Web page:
It’s the topical angle, but let’s not blame algorithms for the United debacle. If anything, algorithms might be the way to reduce how often things like this happen.
What made it possible for a passenger to be hit and dragged off a plane to avoid inconveniencing an airline’s personnel logistics wasn’t the fact that the organization implements and follows quantitative algorithms, but the fact that it’s an organization. By definition, organizations are built to make human behavior uniform and explicitly determined.
A modern bureaucratic state is an algorithm so bureaucrats will behave in homogeneous, predictable ways.
A modern army is an algorithm so people with weapons will behave in homogeneous, predictable ways.
And a modern company is an algorithm so employees will behave in homogeneous, predictable ways.
It’s not as if companies used to be loose federations of autonomous decision-making agents applying both utilitarian and ethical calculus to their every interaction with customers. The lower you are in an organization’s hierarchy, the less leeway you have to deviate from rules, no matter how silly or evil they prove to be in a specific context, and customers (or, for that matter, civilians in combat areas) rarely if ever interact with anybody who has much power.
That’s perhaps an structural, and certainly a very old, problem in how humans more or less manage to scale up our social organizations. The specific problem in Dao’s case was simply that the rules were awful, both ethically (“don’t beat up people who are behaving according to the law just because it’ll save you some money”) and commercially (“don’t do things that will get people viscerally and virally angry with you somewhere with cameras, which nowadays is anywhere with people.”)
Part of the blame could be attributed to United CEO’s Muños and his tenuous grasp of at least simulated forms of empathy, as manifested by his first and probably most sincere reaction. But hoping organizations will behave ethically or efficiently when and because they have ethical and efficient leaders is precisely why we have rules: one of the major points of a Republic is that there are rules that constrain even the highest-ranking officers, so we limit both the temptation and the costs of unethical behavior.
Something of a work in progress.
So, yes, rules are or can be useful to prevent the sort of thing that happened to Dao. And to focus on current technology, algorithms can be an important part of this. In a perhaps better world, rules would be mostly about goals and values, not methods, and you would trust the people on the ground to choose well what to do and how to do it. In practice, due to a combination of the advantages of homogeneity and predictability of behavior, the real or perceived scarcity of people you’d trust to make those choices while lightly constrained, and maybe the fact that for many people the point of getting to the top is partially to tell people what to do, employees, soldiers, etc, have very little flexibility to shape their own behavior. To blame this on algorithms is to ignore that this has always been the case.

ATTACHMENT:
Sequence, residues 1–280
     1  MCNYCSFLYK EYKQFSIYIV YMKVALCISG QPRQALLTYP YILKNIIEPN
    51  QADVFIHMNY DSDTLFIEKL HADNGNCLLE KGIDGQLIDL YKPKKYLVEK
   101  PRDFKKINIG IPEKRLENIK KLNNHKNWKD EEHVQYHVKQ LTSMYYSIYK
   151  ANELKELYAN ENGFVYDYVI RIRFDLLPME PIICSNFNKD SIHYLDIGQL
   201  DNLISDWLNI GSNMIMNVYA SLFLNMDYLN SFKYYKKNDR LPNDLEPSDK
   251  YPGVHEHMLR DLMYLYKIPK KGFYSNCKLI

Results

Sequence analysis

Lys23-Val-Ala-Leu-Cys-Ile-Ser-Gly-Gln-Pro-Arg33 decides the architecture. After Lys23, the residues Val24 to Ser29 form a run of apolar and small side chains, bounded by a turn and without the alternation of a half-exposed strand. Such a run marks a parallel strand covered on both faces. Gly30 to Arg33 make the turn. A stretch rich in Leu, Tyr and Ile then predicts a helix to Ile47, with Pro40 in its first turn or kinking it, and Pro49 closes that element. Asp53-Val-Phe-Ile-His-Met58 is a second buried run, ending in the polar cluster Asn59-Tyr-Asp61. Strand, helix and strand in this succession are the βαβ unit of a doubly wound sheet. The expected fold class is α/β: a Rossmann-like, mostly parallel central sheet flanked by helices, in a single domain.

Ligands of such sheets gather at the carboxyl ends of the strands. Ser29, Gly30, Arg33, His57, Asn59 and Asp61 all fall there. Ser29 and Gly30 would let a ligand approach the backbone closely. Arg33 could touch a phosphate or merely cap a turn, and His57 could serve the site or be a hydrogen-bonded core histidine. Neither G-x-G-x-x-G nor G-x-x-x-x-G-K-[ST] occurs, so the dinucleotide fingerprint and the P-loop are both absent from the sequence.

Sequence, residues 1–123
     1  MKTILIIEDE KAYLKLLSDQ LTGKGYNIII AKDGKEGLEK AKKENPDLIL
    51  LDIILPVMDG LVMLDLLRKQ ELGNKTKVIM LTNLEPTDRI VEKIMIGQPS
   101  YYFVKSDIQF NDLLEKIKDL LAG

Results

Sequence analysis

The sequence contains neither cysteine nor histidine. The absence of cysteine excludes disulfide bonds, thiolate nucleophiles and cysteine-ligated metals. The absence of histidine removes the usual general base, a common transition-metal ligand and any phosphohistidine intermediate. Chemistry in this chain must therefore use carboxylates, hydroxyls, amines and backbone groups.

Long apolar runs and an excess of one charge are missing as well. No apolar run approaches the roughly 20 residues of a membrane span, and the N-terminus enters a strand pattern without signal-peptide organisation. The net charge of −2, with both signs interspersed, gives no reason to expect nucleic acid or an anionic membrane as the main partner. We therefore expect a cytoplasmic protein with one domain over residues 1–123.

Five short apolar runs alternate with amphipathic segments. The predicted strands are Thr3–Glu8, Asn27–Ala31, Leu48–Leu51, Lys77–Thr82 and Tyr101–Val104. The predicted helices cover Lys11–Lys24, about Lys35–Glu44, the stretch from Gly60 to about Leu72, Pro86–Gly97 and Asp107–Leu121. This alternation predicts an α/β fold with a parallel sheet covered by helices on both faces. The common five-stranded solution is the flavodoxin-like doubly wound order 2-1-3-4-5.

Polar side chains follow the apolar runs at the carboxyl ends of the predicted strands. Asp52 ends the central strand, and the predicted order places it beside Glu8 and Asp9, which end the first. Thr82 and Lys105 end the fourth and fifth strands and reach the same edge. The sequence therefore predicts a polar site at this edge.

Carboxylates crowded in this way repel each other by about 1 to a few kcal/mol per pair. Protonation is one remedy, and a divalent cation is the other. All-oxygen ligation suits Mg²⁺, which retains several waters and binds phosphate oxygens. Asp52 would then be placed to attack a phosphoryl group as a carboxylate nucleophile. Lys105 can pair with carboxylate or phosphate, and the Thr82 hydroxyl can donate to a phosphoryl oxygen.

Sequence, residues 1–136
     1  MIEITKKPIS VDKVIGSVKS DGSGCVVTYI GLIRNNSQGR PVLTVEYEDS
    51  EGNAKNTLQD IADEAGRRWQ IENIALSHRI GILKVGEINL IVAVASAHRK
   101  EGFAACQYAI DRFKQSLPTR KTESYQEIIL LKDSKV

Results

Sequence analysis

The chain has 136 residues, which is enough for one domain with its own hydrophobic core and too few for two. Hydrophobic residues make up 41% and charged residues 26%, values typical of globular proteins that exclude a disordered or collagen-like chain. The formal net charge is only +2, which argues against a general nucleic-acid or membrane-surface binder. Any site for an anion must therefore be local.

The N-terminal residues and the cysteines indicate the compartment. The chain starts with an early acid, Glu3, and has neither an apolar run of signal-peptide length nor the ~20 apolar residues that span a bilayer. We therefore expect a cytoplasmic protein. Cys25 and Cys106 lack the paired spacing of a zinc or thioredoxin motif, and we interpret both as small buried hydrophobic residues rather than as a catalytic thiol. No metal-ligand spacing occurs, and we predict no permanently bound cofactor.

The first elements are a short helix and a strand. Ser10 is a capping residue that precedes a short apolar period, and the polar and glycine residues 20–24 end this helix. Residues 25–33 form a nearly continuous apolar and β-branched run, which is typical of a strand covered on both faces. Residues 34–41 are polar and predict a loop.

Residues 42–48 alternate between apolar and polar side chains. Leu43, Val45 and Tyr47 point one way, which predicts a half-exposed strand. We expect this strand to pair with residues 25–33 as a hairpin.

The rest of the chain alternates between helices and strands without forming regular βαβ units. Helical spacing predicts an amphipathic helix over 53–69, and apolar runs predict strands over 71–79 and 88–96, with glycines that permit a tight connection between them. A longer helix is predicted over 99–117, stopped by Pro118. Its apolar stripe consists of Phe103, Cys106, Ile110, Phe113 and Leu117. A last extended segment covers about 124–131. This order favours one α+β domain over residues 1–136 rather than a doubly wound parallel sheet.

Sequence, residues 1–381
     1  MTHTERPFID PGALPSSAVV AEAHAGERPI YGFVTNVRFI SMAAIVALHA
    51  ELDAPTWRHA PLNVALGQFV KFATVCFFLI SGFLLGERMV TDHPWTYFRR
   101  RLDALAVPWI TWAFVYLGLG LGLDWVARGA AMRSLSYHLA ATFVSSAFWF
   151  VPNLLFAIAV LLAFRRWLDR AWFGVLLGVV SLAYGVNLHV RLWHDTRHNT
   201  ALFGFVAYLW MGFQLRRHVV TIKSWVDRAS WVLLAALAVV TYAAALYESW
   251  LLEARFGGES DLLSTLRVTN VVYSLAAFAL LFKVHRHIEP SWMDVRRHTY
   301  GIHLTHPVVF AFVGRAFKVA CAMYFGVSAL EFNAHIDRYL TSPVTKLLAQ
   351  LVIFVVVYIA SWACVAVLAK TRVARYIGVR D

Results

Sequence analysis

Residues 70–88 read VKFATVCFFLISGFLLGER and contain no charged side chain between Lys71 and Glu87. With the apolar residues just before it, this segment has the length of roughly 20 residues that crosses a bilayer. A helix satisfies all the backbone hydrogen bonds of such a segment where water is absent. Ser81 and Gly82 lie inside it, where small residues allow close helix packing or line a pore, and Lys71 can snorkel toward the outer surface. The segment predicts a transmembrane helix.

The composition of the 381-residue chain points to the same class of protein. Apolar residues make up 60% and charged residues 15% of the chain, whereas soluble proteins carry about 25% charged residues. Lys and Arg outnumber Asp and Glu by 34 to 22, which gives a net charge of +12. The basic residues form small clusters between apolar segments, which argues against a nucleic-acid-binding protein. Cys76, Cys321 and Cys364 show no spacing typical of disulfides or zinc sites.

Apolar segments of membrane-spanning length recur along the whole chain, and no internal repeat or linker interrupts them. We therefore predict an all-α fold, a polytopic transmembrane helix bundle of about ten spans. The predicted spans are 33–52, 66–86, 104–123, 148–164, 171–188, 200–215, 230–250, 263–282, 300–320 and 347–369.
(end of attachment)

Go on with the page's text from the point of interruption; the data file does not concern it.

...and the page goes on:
What algorithms can do is make those rules more flexible without sacrificing predictability and homogeneity. While it’s true that algorithmic decision-making can have counterproductive behaviors in unexpected cases, that’s equally true of every system of rules. But algorithms can take into account more aspects of a situation than any reasonable rule book could handle. As long as you haven’t given your employees the power to override rules, it’s irrelevant whether the algorithm can make better ethical choices than them — the incremental improvement happens because it can make a better ethical choice than a static rule book.
In the case of United, it’d be entirely possible for an algorithm to learn to predict and take into account the optics of a given situation. Sentiment analysis and prediction is after all a very active area of application and research. “How will this look on Twitter?” can be part of the utility function maximized by an algorithm, just as much as cost or time efficiencies.
It feels quite dystopic to think that, say, ride hailing companies should have machine learning models to prevent them from suddenly canceling trips for pregnant women going to the hospital to pick up a more profitable trip elsewhere; shouldn’t that be obvious from everybody from Uber drivers to Uber CEOs? Yes, it should. And no, it isn’t. Putting “morality” (or at least “a vague sense of what’s likely to make half the Internet think you’re scum”) in code that can be reviewed, as — in the best case — a redundancy backup to a humane and reasonable corporate culture, is what we already do in every organization. What we can and should do is to teach algorithms to try to predict the ethical and PR impact of every recommendation they make, and take that into account.
Whether they’ll be better than humans at this isn’t the point. The point is that, as long as we’re going to have rules and organizations where people don’t have much flexibility not to follow them, the behavioral boundaries of those organizations will be defined by that set of rules, and algorithms can function as more flexible and careful, and hence more humane, rules.
The problem isn’t that people do what computers tell them to do (if you want, you can say that the root problem is when people do bad things other people tell them to do, but that has nothing to do with computers, algorithms, or AI). Computers do what people tell them. We just need to, and can, tell them to be more ethical, or at least to always take into account how the unavoidable YouTube video will look.